The following first appeared in the In Memoriam webpages of the Development and Alumni Office of the University of Sussex, and is re-published here by kind permission.

Tony Nuttall 1937-2007

Tony Nuttall's early death will distress many former colleagues who remember him well from his time at Sussex; our sincere condolences to his family. This obituary note draws on several of the published obituaries that have appeared, to which references are given below.

Tony came to Sussex in 1962, and left it for Oxford in 1984. His first degree was in Classics and English, and through his career as an English teacher he 'never turned his back on his classical training - he would say "I keep my Greek in reasonable repair" - and Greek and Latin texts are constantly referred to and given his own English translations, in his published work'. 'The way in which he moved naturally between disciplines is indicated by the fact that he wrote his BLitt thesis on the philosophical issues raised by Shakespeare's The Tempest [which] turned into his first book, Two Concepts of Allegory' (1967); another early book was A Common Sky: Philosophy and the Literary Imagination (1974). This cross-disciplinary ease obviously suited him well to Sussex, where he had a leading role in the development of the famous Modern European Mind contextual 'which placed some of the great modernist writers in their intellectual context, so that students read Dostoevsky or Lawrence along with Freud, Conrad or Sartre along with Marx, Thomas Mann along with Nietzsche'. Perhaps more strikingly, he took a real interest in aspects of biology, once giving a lecture on difficulties in the Darwinian theory of natural selection, whose objections Maynard Smith reportedly took seriously. His many later books ranged widely over period and genre; he continued to publish after retirement, and his last book, Shakespeare the Thinker, is due out in April. He was an inspiring and conscientious teacher too, much valued by his students.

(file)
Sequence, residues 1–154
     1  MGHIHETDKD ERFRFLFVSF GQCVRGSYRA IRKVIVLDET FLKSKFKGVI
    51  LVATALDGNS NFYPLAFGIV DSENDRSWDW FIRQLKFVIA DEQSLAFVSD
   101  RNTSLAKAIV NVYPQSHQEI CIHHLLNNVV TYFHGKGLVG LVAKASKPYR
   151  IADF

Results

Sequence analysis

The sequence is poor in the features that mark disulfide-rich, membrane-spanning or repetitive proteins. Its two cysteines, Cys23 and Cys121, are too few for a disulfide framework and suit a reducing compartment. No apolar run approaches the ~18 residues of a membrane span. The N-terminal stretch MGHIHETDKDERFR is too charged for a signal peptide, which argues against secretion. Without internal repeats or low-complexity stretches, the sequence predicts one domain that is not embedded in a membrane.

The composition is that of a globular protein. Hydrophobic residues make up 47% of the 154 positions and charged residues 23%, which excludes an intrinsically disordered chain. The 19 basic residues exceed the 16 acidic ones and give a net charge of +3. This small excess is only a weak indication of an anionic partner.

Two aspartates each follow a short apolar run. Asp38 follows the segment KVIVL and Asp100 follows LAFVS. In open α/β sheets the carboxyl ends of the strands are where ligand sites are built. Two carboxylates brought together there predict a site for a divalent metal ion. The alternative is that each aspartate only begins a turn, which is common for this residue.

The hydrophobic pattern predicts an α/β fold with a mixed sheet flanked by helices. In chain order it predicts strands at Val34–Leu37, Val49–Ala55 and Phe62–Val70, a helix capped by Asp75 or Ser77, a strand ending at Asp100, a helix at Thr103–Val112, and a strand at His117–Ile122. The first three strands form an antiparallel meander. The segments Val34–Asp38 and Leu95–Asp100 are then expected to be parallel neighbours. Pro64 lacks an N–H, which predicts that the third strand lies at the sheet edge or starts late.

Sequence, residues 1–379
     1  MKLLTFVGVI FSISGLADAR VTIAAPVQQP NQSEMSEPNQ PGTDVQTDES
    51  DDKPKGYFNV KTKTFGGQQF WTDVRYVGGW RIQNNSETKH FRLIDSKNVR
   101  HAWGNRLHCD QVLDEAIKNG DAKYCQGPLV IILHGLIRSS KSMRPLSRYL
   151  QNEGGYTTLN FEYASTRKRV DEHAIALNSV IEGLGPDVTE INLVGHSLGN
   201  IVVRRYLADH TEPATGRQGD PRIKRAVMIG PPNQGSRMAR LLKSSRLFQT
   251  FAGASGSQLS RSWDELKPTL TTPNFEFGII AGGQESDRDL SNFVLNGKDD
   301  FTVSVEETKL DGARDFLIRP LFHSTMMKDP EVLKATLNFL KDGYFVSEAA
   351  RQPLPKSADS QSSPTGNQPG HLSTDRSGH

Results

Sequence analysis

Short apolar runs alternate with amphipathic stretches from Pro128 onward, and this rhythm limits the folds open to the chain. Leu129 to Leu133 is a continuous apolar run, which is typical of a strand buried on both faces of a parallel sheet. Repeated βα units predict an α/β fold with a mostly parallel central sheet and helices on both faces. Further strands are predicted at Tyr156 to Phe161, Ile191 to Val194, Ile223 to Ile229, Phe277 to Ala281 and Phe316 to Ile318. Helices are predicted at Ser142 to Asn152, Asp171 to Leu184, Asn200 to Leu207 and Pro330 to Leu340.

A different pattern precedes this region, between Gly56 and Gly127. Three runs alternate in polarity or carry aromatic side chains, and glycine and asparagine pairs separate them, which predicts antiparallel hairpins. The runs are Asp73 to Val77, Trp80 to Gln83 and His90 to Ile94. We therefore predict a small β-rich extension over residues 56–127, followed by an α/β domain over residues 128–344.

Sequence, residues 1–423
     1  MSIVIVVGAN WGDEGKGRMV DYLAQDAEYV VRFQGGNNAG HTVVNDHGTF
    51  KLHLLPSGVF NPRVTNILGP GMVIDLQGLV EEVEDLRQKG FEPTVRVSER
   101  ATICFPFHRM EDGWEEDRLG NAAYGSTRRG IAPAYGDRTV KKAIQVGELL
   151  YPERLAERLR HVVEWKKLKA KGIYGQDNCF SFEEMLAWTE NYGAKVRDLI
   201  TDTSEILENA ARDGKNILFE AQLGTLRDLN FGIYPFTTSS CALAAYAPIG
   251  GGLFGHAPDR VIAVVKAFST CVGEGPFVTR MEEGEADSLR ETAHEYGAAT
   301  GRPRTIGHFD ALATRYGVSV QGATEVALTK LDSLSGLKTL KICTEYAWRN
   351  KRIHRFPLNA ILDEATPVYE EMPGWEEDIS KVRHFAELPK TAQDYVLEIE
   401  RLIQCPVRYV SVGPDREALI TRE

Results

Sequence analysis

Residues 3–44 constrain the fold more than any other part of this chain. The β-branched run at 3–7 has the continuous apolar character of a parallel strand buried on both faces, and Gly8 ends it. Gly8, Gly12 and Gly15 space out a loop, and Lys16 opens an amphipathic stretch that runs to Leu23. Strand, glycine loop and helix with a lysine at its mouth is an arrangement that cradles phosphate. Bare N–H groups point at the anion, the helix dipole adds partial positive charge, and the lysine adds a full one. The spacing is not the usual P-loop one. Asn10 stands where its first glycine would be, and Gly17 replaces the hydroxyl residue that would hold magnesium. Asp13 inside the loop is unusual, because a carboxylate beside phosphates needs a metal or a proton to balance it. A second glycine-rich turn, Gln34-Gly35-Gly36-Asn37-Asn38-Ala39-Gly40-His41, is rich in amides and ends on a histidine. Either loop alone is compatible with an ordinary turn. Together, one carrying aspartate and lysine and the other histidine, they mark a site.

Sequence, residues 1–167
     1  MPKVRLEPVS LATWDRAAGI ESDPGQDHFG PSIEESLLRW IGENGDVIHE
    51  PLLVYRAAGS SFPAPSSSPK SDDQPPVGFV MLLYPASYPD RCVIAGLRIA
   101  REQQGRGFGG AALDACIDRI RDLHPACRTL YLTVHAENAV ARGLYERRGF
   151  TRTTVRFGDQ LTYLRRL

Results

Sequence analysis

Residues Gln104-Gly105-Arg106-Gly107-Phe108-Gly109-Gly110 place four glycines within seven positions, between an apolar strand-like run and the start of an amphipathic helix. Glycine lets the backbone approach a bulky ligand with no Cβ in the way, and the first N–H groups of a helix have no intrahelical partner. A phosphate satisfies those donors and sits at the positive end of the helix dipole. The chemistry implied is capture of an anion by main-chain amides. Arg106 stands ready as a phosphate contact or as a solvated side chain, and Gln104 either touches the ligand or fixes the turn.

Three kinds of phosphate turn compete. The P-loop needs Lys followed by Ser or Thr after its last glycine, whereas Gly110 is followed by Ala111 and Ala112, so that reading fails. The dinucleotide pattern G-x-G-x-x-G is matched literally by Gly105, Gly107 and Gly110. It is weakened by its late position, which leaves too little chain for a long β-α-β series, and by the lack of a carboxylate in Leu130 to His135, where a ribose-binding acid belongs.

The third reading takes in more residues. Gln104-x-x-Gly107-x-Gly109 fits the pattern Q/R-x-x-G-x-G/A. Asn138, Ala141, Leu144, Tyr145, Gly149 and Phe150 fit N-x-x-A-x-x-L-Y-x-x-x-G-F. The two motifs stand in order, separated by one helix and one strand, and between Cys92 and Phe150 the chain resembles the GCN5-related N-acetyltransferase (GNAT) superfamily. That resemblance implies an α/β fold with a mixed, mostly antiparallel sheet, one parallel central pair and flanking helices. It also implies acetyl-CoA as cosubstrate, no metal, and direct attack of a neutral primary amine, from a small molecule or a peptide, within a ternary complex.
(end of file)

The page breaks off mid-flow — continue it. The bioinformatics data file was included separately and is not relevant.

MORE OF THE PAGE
Tony's formal career at Sussex took him from Assistant Lecturer to Professor of English in 1973, and then to Pro-Vice Chancellor in 1978; the last was an imaginative and excellent appointment, surprising as that might seem - he carried out an administrative job with the same commitment as he showed in his teaching and writing, and was well respected there too. He moved to Oxford to a fellowship with a heavy teaching load, but became Professor of English there in 1992, and was made Fellow of the British Academy in 1997.

Everyone will have their anecdote about Tony. Mine is the memory of being in his office and noticing that the bottom drawer of his filing cabinet was labelled 'beer'. He opened it, and sure enough it was completely filled by a crate of beer-it fitted in just nicely.

Jennifer Platt

Newspaper obituaries:
The Independent, 8th February 2007 (Larry Lerner and Angela Lambert);
The Telegraph, 3rd February 2007 (no author given).

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